CACREP Connection: Fall 2020

News from the COVID-19 Ad Hoc Committee

It goes without saying that the onset of the COVID-19 pandemic in Spring 2020 created unique and formidable challenges for counselor education programs. To assist its accredited programs in addressing the immediate impact of the pandemic on students in the midst of their spring clinical experiences, CACREP took several responsive actions including initiating or expanding the use of online program delivery without submitting a Substantive Change Report, permitting students to be enrolled in practicum and internship in the same semester, and permitting excess direct and indirect services hours from practicum to be applied to internship. These actions will remain in effect until June 30, 2021. Additional accommodations made by CACREP this spring in response to financial and travel restrictions imposed by the pandemic included initiating the use of virtual site visits, approving no-penalty extensions for accredited programs approved for site visits through December 2020 or an extension of the 18-month retroactive policy on a case-by-case basis for new programs, and reducing the annual maintenance fee for the next two years.

It quickly became clear that the direct impact of the COVID-19 pandemic would continue beyond the spring and into the summer and fall, and following the July 2020 CACREP Board meeting, the COVID-19 Ad Hoc Committee was formed to ensure that the Board is able to respond promptly and effectively to ongoing and new pandemic challenges. Since its inception, the Committee has met on a bi-weekly basis with a charge of assessing the constantly evolving impact of the pandemic on academic programs and recommending areas warranting additional responsive action to the full CACREP Board. read more >>


To ensure the CACREP Standards are timely, relevant, and reflect current societal needs, every seven years the CACREP Board of Directors appoints a Standards Revision Committee (SRC) to update the existing standards. In fall 2019 the SRC started its work on the next set of Standards, which will go into effect in 2024 (delayed one year due to Covid). Below is a brief overview of the standards revision more >>

New Accreditation Specialist Joins CACREP

photo of Lisa DunayA little about Lisa Dunay: Lisa grew up in Fort Washington, Maryland and attended college at the University of Richmond (Go Spiders!). She describes herself as quiet and focused with a consistently positive and easy-going attitude. She enjoys working in a fast-paced environment that challenges her to find innovative solutions to complete projects with successful results.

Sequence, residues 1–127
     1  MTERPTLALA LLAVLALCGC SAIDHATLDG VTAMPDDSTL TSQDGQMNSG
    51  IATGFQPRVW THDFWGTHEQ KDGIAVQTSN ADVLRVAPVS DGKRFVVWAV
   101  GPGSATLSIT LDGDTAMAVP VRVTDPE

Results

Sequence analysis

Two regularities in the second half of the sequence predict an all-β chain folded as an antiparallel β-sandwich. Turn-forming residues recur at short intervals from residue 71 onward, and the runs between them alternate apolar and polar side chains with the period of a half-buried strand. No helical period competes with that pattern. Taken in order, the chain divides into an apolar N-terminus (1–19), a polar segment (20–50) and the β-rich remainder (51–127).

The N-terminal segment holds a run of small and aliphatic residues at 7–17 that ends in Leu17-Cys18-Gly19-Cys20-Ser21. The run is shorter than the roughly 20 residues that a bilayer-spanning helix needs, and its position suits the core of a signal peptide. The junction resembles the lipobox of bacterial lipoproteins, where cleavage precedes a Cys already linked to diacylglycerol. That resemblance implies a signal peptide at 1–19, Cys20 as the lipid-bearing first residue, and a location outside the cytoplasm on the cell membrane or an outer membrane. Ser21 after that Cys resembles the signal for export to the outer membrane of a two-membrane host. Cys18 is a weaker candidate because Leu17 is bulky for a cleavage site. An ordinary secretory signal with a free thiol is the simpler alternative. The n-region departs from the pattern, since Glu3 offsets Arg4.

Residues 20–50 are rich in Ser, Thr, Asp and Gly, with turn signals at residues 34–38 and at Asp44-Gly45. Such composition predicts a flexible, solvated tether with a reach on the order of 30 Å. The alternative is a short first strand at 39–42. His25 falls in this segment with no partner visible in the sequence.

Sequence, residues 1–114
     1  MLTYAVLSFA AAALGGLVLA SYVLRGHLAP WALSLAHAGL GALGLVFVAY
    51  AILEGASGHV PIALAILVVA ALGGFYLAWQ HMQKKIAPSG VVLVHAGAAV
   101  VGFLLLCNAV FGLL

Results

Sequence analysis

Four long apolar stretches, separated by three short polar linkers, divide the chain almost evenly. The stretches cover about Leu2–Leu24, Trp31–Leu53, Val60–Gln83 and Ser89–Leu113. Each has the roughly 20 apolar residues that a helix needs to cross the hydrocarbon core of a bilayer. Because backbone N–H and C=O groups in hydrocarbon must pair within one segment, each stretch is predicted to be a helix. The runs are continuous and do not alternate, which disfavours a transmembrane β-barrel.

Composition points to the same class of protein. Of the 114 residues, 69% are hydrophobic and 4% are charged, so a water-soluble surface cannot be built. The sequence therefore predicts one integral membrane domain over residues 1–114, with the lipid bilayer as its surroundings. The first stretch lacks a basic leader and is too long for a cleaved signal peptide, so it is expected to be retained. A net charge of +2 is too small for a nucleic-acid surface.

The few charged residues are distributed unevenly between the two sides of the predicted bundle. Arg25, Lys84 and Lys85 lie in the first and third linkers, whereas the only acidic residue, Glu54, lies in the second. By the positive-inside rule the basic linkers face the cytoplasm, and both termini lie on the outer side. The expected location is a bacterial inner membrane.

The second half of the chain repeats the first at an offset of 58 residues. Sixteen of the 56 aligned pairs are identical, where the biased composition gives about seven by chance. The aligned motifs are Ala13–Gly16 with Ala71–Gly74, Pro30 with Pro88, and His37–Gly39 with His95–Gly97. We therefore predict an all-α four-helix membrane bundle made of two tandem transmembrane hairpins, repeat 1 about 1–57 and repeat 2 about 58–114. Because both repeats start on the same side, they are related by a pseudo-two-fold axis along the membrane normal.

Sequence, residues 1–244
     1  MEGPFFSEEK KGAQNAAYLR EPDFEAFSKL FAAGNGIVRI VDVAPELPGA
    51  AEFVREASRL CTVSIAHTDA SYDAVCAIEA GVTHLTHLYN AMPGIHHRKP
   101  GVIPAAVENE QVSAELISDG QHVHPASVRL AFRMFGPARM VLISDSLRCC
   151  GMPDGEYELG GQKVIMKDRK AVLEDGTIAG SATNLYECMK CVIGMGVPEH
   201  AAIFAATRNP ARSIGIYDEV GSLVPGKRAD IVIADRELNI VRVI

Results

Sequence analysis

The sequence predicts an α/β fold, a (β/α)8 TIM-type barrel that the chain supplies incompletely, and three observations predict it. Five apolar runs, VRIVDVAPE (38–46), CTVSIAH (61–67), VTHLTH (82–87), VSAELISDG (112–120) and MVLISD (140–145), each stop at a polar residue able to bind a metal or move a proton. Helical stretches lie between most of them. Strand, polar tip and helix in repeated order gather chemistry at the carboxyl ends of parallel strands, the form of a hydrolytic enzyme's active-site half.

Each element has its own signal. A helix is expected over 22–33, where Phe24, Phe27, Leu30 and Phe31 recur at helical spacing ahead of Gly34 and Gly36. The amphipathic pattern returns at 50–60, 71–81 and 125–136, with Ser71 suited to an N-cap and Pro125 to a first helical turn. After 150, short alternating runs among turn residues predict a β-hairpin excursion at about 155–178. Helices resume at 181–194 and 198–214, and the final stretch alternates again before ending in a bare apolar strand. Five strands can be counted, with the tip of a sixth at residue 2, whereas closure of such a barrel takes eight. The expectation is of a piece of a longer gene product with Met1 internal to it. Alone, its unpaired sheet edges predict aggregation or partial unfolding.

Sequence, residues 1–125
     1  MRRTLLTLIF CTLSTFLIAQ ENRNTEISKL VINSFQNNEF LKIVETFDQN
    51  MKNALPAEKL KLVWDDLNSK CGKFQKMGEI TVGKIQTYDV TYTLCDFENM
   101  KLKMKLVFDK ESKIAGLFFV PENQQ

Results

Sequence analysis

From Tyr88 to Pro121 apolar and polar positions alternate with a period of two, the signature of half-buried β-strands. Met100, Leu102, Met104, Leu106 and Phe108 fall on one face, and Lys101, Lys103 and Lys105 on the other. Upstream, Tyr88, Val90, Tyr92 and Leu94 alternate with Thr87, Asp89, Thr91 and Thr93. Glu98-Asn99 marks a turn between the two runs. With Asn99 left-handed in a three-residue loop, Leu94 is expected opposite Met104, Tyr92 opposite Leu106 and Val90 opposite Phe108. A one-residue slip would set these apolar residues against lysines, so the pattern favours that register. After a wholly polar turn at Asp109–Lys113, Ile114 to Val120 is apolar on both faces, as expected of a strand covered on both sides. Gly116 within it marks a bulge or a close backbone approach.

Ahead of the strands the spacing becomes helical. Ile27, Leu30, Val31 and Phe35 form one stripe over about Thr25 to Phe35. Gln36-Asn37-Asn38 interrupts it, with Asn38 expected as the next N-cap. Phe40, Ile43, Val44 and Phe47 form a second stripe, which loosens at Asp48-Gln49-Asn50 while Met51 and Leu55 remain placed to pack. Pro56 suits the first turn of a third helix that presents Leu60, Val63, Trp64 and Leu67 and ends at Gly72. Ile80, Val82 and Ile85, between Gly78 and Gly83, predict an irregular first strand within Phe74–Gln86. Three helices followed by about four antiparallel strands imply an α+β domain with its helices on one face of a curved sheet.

A little about Lisa’s work experience: Lisa has spent the majority of her career producing continuing education programs for healthcare professionals. As part of her role, she’s been responsible for ensuring these programs have been planned in accordance with accreditation standards for continuing education. She also has experience with accreditation of postdoctoral programs in the medical sciences.

CACREP Fees Adjusted

The new academic year has begun in an unusual manner and programs are being called to be both creative and nimble in their program delivery. The CACREP Board recognizes that the financial impact of this pandemic to programs will be felt for the next few years. Therefore, The CACREP Board has frozen the Annual Dues at this year’s rate of $3800 for 2021-2022 and 2022-2023.In June 2021 CACREP marks its 40th anniversary as an accreditor in the Counseling profession. To commemorate this milestone and celebrate its over 400 institutions with CACREP-accredited programs, CACREP is giving its accredited programs an anniversary gift – the Annual Dues for 2021-2022 is set at $3385

CACREP and Interprofessional Education (IPE)

CACREP is a member of the Health Professions Accreditors Collaborative (HPAC) which is a group of specialized accreditors in the healthcare field who work on common initiatives, one of which is interprofessional education. Two publications are available for any CACREP-accredited programs who are interested in more active engagement in interprofessional education:

  • Guidance on Developing Quality Interprofessional Education for the Health Professions. This document provides audience-specific information for institutional leaders, departments and accreditors on how to use IPE effectively to improve professional preparation. The guidance document has been used by many institutions since its publication in early 2019. With the pandemic upending healthcare education, IPE offers some alternatives that are interesting to consider.
  • A recent article, The Future of health professions education: Emerging trends in the United States, is also available at This article by George Thibault, a professor of medicine and medical education, lists several future trends he sees in the education of healthcare professionals. One is the social determinants of health and the social and humanistic mission of the health professions. This is one area where counselors are unique to make a difference in interprofessional education.

If anyone has any IPE activities, including simulations, that you have incorporated into your counselor preparation, similar to the Plymouth State University Trauma Exercise please let us know. Contact Jenny Gunderman at